School won’t teach you tons of super useful techniques or how to deal with clients. You gotta learn that on your own.
Check out YouTube for techniques and find a few designer blogs to follow for the business side, or reach out to someone whose work you admire with a specific question.
The stars aligned for you today, Jacob, cause it’s part of my routine to wake up an hour and a half early and start my day off playing.
I write, I draw, I read, I do fun little initiated projects, whatever.
I just start my day off having fun creatively, and I happen to see this email and just hit it.
I digress, school is extremely valuable to you in this field, but nothing replaces the self-driven student.
It’ll show in your projects.
Your peers will notice it, and so will your teachers. 90% of the techniques I’ve learned were by copying and looking up tutorials.
Eventually, you’ll find a style or a niche in the design world. Maybe that’s retro-style illustration, or maybe it’s hand-lettering. Maybe when you were a kid, you liked to skateboard. Maybe try making deck graphics. Or maybe you liked graffiti and hip-hop. Try making work that’s inspired by that. Know your roots. Whatever it is, find it, and work on it. Write about it. Research it. Work on it some more. It’ll help you become a specialist at something. It’s good to be versatile, but in the long run, being a specialist makes it easier to gain recognition. Aside from the design aspect of being yourself, actually be yourself. I have a lot more success on job interviews and with clients when I’m not all nervous and stuffy. I just be my goofy self. People seem to like me better when I’m me.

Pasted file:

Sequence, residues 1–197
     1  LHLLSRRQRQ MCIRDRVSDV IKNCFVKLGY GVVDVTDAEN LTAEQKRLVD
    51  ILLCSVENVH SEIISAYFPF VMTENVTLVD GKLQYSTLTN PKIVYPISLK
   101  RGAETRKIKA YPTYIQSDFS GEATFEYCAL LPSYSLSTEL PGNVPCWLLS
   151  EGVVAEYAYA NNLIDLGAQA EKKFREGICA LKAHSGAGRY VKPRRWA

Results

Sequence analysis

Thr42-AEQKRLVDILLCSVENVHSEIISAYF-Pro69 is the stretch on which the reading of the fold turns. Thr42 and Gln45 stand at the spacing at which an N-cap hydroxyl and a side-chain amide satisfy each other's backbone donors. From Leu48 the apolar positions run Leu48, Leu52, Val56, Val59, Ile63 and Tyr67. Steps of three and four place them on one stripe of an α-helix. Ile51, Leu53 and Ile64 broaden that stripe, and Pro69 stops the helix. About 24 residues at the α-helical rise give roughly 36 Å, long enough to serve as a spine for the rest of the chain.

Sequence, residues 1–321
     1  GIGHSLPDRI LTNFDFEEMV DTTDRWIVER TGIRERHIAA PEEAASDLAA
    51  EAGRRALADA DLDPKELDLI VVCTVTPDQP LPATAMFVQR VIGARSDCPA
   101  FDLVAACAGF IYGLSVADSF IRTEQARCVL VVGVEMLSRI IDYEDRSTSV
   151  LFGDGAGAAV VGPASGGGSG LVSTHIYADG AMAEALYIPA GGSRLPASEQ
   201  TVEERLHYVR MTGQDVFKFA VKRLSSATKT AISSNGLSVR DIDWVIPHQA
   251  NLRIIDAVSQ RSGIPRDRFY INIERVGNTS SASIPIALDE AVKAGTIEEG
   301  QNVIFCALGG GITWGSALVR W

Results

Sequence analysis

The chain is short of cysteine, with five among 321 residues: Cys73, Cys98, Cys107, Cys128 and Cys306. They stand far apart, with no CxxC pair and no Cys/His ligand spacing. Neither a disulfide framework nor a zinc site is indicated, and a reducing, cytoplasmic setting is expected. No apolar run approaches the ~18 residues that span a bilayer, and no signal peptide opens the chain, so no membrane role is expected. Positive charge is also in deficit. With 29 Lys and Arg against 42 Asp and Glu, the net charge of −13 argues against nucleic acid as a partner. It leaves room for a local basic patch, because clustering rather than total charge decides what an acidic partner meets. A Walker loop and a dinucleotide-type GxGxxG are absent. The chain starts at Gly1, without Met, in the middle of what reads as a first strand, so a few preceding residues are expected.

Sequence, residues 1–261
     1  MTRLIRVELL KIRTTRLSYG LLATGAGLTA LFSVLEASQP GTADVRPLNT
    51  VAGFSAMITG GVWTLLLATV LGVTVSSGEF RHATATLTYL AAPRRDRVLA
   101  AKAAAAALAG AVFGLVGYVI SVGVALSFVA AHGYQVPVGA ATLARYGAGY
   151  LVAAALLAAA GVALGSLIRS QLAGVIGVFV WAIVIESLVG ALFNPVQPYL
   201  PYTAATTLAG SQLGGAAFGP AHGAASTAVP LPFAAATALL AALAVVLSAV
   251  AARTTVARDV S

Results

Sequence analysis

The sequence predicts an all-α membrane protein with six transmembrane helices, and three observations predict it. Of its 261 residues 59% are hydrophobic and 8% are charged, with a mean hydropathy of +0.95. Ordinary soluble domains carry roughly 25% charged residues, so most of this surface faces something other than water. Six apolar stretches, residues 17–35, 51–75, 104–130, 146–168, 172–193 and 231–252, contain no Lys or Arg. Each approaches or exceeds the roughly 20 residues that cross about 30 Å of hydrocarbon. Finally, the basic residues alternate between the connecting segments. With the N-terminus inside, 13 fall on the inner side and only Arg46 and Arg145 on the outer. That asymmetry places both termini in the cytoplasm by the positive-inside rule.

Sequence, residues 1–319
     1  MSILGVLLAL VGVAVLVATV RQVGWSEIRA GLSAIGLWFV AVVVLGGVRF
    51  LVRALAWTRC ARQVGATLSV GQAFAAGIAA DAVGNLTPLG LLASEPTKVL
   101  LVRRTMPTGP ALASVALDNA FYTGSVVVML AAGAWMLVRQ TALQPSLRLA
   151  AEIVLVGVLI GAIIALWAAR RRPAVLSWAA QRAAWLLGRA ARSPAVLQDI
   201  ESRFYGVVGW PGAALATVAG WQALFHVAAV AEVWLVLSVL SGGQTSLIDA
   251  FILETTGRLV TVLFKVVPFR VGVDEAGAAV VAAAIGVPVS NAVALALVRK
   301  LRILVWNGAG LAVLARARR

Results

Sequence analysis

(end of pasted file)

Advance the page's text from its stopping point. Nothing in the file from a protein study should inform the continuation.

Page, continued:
Well Jacob, that’s what I’ve got for now. I’ve got to get back to work. I want to say thank you very, very much for reaching out to me. You might’ve just helped me more than I helped you! If you’ve got any more specific questions or want to dig a little deeper into any of the points above, hit me back. It’s my life’s mission to help others through my God-given talent.
In conclusion, this timely and serendipitous email was no coincidence. It allowed me to setup my deck for career day. Thanks again, Jacob. You have no idea how much you helped me!
Years later, I still follow him on IG. I’ve watched him grow for years. Pretty humbling.